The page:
“turn off all cameras” with that direction our guide moved us back into the shadows and the 400kg (approx) Leatherback turned its back flipper into a delicate spatula like utensil to scoop layers of sand over the eggs. Each layer of sand was given a gentle pat until the deep hole was filled in. She then gradually hauled her hefty body away from her nest. The Leatherback has flat wide front flippers that propel them through the water at 11/2 feet per second or 20 knots. On land the female uses these strong flippers to flick sand over the area around the nest to camouflage her tracks as she moves further away from the nest, the beach is returned to …well a smooth sandy beach. When she is satisfied she is far enough away from the real nest the big flippers dig another hole, a decoy nest. Once our Leatherback mum was satisfied with her decoy nest she slowly turned and eased herself down the slight incline of wet sand towards the dark roaring foaming surf. Once in her natural environment the turtle was soon out of sight, heading out to find another male to mate with and start the laying process over again. The mating/laying/nesting process is done several times in a season on the same beach they struggled down as a tiny cute baby turtle. At the end of the season these great turtles head back to the cold waters of the high latitudes where they live and eat the large jelly fish they love. Many of the Leatherbacks which nest on Trinidad have been tagged and traced back to the cold waters around northern Canada . A few have been traced down in the southern ocean and around to Madagascar. They swim thousands of miles for a few weeks in warm waters to mate then back to freezing cold waters, no laying on the beach enjoying the sun drinking cocktails for their tropical break.

As we walked back along the beach in the dark, accompanied by a crescendo of croaking frogs in the trees, roaring surf and with several more massive dark shapes emerging from the foam I felt like we were in the middle of a nature film with a whispering David Attenborough about to appear from behind the palms. Our small group tried to merge into the shadows as these turtles searched the beach for the spot with the right temperature for their precious eggs. Unfortunately one of these impressive creatures had been mutilated, both back flippers had been cut off, perhaps after being caught in a net the fisherman cut the flippers off rather than cutting his net to free it. Instinct was driving it to dig a nest, the stumps were vainly trying to dig a hole. What a sad and moving sight. Jesse called one of the volunteer guides on the beach who came and dug the nest for the turtle. Hopefully she would successfully lay her eggs. At a certain stage in the process her urge to lay the eggs becomes so strong that no matter if the nest is ready or not she lays them. On this one occasion someone was there to interfere in possibly a positive way but I thought of all the many many times no one will be there to help, all those eggs wasted, no wonder these are another endangered species. We moved further along the beach to watch another turtle using its back flippers like huge spoons to dig into the sand. The muscles of each back flipper rippling to prepare a perfect hole, all done on instinct, during the complete process she never looks at her hole, never sees her egg filled nest.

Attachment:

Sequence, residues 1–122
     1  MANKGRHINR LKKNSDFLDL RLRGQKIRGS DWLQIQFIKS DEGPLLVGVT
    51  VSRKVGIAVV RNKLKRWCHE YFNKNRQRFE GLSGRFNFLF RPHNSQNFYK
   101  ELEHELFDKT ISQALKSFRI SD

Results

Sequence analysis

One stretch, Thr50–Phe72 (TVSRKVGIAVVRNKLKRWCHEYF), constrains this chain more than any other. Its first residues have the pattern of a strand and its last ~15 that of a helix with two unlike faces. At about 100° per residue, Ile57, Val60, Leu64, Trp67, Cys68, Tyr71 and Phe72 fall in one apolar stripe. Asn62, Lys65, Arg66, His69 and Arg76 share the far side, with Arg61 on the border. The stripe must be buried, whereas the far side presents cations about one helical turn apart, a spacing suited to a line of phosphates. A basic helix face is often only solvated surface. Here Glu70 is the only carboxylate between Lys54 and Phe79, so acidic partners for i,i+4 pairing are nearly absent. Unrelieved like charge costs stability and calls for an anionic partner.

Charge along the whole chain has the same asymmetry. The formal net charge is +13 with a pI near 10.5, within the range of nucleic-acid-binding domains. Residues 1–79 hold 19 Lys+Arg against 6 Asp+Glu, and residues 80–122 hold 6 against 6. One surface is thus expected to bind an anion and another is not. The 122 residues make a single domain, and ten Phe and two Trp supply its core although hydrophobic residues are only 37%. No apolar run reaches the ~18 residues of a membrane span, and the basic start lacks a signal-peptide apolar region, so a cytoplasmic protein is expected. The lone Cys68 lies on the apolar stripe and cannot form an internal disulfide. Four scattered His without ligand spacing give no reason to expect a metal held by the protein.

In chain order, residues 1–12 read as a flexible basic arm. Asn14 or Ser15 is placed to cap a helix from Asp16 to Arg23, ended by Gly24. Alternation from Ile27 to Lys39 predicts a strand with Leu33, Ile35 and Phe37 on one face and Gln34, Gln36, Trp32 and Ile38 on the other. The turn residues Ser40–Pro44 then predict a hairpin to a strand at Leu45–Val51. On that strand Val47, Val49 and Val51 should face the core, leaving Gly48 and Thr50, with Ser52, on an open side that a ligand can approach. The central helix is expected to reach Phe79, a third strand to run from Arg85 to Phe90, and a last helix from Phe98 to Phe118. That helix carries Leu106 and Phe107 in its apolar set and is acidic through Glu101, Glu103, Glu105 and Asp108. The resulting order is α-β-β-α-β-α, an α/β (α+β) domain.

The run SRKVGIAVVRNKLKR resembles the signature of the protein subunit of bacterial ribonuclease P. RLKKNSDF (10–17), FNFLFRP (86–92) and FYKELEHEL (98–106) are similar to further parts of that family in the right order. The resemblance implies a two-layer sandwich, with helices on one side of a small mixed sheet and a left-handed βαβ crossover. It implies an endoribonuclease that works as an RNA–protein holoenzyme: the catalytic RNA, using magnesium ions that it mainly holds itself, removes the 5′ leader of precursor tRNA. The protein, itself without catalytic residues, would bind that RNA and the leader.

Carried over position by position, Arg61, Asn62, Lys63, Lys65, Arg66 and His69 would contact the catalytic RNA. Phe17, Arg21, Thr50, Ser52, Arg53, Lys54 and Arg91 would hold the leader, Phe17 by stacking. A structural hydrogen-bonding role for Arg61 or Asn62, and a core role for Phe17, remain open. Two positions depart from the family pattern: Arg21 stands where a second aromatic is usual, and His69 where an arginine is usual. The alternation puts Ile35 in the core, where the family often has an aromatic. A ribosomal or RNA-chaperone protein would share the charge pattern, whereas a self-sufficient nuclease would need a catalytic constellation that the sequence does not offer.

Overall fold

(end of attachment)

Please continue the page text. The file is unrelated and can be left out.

In 60 days the eggs hatch and little turtles dig themselves out and run the gauntlet of waiting predators to get down the beach into the sea and then if they survive even more predators in the sea they will eventually return to this beach to mate and lay eggs. We didn’t see this happen but many do watch but cannot help them safely into the sea. The babies must feel and smell the beach, so that they remember to come back to their beach, their sea, many years later. The instinct to return starts as soon as they are hatched.

As I watched fingers flip across touch screens on our flights across America I reflected on all we had seen 2 nights previously. No electronic device, no app, no software can be as impressive as mother nature, as impressive as the design of creatures like the Leatherback Turtle manipulating massive muscles to gently cover eggs, to instinctively navigate to a beach thousands of miles from their feeding grounds. Tracking devices can be attached to many so researchers can learn more but nothing has yet been invented to stop a fisherman chopping off flippers because they value their nets more than these impressive creatures of the sea. I just hope that all those volunteers, all those children and adults I saw on the beach in Trinidad will somehow get the message of protection across to everyone else. We can all do our bit, recycle, refuse plastic bags and excess wrapping when shopping. Pick up rubbish on the beach, don’t walk past it. Plastic bags are another enemy of all sea creatures especially Leatherback turtles as floating bags look like those large jelly fish they love to eat.
Vessel Name: Tuatara
Vessel Make/Model: Alan Wright 51
Hailing Port: Opua NZ
Crew: Alan and Jean Ward

Sailing in the Pacific

Who: Alan and Jean Ward
Port: Opua NZ